Search America's historic newspaper pages from 1836-1922 or use the U.S. Newspaper Directory to find information about American newspapers published between 1690-present. Chronicling America is sponsored jointly by the
National Endowment for the Humanities and the Library of Congress. external link Learn more
Image provided by: University of Illinois at Urbana-Champaign Library, Urbana, IL
Newspaper Page Text
fip-?&0-iv"U)!m tmnn "tgj mi"
T ' " " ' - ' "rd the Chi- '
i s. e . 'i ui-1 reasonable."
' c enf c ir'fsvcon Pres. Ma
1 a " ' ?"or Thompson will be
i c' ' o It Ii tomon ow morning.
'' 'ie tcii to bejthe last word
c i non who feet that they
i ' r c ifvisntly lenient with the
Cv. : aJ'es. There were few today
Iij predicted that peace would re
3j"t irom the meeting tomorrow.
"An attempt is being made by
Paj or Thompson to put the responsi
biity on the men," said Pres. John J.
Bruce of the ejevated railway men
today. "He wanted us to agree to
concessions, but we refused to do so.
Then he telegraphed for Pres. Mahon
Mayor Thompson staved off the
car men's strike for at least 24 hours.
The men announced flatly yester
day that they would strike today un
less the company within 24 hours
made an expression of willingness tc
offer a fail proposition.
L. A. F Jby, president of the Sur
face Lines, wrote a letter inviting a
conference, and then Mayor Thomp
son got busy.
The mayor promised to use his good
offices. Still the men held back until
a conference by wire was had with
W. D. Mahon, international president
of the union.
Mayor Thompson's action came
Just in time to prevent an absolute
tieup of surface and elevated lines.
The unions officially announced yes
terday that they would strike today.
They said that the only thing would
cause them to postpone would be an
offer from the company to get down
to brass tacks at once. That offer
came through the medium of the
mayor, who left a downstate tour and
rushed here to act as peace agent
AUTO PHONE FORFEITURE
Those long-talked of automatic
telephone company forfeiture ordi
nances are at least ready for the city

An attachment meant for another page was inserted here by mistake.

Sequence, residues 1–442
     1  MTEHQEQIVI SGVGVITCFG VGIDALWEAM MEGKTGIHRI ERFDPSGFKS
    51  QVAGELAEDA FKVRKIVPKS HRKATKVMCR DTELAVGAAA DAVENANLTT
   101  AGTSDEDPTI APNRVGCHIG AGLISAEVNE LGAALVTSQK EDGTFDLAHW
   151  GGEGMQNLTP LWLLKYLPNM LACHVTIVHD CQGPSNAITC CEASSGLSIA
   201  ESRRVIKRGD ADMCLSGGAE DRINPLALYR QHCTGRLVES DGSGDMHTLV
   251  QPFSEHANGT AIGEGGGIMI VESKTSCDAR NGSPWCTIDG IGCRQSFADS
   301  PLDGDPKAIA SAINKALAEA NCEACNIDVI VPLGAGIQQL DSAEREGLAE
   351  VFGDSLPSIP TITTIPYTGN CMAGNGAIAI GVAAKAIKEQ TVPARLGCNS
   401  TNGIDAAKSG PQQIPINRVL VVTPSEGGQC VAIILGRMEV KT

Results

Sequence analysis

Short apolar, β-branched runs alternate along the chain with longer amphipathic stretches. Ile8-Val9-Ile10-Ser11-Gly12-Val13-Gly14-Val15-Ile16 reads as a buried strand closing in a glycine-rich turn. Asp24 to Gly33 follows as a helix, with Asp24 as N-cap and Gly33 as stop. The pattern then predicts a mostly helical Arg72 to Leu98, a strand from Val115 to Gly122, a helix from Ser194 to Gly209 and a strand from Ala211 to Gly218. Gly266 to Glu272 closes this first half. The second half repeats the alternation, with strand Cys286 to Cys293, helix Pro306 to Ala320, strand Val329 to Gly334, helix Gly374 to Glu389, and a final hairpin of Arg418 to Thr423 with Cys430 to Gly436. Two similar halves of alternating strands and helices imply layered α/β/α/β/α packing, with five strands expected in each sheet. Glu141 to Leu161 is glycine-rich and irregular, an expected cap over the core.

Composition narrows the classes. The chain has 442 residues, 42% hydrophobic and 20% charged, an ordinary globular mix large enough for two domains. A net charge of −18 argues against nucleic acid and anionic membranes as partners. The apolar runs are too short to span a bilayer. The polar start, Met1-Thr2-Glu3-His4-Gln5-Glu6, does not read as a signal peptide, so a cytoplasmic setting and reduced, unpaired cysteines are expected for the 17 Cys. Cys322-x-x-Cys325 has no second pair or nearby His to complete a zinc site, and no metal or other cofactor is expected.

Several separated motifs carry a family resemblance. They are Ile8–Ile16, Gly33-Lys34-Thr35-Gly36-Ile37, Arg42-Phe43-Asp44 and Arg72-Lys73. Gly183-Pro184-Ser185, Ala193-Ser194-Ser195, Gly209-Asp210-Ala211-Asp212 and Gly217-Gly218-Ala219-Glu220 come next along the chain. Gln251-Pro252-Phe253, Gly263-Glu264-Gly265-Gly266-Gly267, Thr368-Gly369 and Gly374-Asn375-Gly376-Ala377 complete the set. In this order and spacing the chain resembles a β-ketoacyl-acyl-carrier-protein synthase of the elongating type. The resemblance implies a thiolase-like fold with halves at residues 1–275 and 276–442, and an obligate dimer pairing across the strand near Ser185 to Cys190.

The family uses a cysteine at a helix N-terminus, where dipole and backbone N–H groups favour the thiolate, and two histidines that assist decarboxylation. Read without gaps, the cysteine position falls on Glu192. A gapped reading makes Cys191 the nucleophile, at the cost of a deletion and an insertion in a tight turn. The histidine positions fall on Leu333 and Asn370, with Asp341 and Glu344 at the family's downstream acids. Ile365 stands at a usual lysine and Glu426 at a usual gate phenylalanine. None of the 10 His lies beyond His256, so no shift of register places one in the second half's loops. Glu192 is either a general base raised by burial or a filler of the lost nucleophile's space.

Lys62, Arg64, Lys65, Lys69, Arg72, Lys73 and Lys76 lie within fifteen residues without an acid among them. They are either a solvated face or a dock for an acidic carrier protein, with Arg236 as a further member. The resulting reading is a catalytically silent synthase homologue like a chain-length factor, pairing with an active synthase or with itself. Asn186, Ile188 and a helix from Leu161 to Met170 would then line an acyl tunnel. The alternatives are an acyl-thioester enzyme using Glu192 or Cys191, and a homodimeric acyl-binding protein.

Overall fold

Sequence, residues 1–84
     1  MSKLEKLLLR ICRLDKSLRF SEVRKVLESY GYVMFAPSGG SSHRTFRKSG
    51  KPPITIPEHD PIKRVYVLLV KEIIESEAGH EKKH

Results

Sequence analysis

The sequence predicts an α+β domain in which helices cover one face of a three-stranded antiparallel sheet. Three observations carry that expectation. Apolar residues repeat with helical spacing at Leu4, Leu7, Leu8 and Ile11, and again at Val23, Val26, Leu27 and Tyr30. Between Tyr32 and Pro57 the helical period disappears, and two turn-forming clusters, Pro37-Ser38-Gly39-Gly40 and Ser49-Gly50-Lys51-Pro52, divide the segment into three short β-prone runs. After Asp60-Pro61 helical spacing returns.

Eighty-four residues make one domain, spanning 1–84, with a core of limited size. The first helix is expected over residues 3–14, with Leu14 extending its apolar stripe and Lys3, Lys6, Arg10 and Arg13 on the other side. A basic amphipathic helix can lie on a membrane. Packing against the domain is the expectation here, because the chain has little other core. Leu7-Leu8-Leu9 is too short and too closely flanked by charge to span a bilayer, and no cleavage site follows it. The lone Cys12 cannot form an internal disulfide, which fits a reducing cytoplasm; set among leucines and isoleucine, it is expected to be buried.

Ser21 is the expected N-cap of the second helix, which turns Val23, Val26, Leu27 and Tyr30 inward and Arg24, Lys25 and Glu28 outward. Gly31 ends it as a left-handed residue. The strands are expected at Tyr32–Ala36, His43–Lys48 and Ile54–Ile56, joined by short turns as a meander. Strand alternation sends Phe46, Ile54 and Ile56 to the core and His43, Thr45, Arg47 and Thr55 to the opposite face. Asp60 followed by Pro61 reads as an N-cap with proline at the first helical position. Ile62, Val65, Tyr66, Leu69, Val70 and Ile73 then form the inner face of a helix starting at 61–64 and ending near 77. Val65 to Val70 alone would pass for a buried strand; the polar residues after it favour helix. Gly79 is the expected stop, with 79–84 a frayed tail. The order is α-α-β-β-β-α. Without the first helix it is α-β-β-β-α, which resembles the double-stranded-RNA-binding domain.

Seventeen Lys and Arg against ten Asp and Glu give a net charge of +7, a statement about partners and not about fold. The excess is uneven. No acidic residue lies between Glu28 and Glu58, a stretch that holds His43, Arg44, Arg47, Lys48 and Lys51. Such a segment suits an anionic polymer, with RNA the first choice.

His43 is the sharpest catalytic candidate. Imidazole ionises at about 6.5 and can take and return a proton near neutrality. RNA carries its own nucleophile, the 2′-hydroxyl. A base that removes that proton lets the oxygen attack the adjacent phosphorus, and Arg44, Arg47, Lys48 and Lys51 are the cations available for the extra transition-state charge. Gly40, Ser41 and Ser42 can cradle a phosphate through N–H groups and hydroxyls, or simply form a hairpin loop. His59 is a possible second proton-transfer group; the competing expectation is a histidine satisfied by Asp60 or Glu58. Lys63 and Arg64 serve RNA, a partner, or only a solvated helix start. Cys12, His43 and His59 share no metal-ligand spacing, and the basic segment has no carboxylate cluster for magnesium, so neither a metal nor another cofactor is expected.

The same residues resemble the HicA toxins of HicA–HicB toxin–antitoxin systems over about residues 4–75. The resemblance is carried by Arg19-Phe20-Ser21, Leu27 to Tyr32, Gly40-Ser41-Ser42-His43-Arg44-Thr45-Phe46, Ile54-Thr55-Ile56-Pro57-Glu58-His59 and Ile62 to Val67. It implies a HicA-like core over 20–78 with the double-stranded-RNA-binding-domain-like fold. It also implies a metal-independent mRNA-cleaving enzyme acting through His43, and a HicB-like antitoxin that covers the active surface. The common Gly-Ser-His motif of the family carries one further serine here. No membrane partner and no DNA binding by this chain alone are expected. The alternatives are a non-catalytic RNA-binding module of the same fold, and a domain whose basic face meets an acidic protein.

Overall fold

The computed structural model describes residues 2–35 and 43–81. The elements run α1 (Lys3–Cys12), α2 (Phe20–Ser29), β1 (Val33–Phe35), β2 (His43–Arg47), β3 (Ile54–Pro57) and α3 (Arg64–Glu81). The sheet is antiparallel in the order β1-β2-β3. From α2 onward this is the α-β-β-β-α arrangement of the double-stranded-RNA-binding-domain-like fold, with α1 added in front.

council. The corporation counsel J
put the finishing touches on them tc
day and it is expected they will be in
troduced at the council meeting
There are two ordinances. The
first provides for the forfeiture of the
rights of the 111. Telephone and Tele
graph Co. and its successor, the Chi
cago Tunnel Co. The second pro
vides for the forfeiture of the plant
and equipment of the automatic and
declares the tunnel company must
give the city the privilege of using
the tunnels for telephone service.
It is expected that the ordinances
will be referred to the gas and elec
tric committe. They are drawn in
terms which will be favorable to sup
porters of the phone forfeiture proposition.
HE LIKES CHICKENS NO, NOT '
WHAT YOU'RE THINKING
Jos. Kosher has a 3-room fiat at
11342 S. Crawford av. In one of
them he lives with his wife and chil
dren. The other two he uses as a
That was the testimony given in
night court last night, where Kosher
was given a hearing on a nonsupport
"Why shouldn't the chicken's live'
in the flat? They make my money
for me," protested Kosher.
The judge ordered him to give up
chicken farming or find a back yard
for his biddies.
East Alton, III. 3,500 horses
bought by British government for use
in war zone escaped from corral and
stampeded the surrounding country.
Eighteen of horses have been killed
New York. Fire destroyed cotton
valued at $200,000 ready for ship
ment on steamship Bryhinde to Arch
angel, Russia, today.
New York. A tea cup would be big
enough to serve as hat for the new
son of Mr. and Mrs. Albert Brune of
pttgon, N. J. Child weighs 26 ounces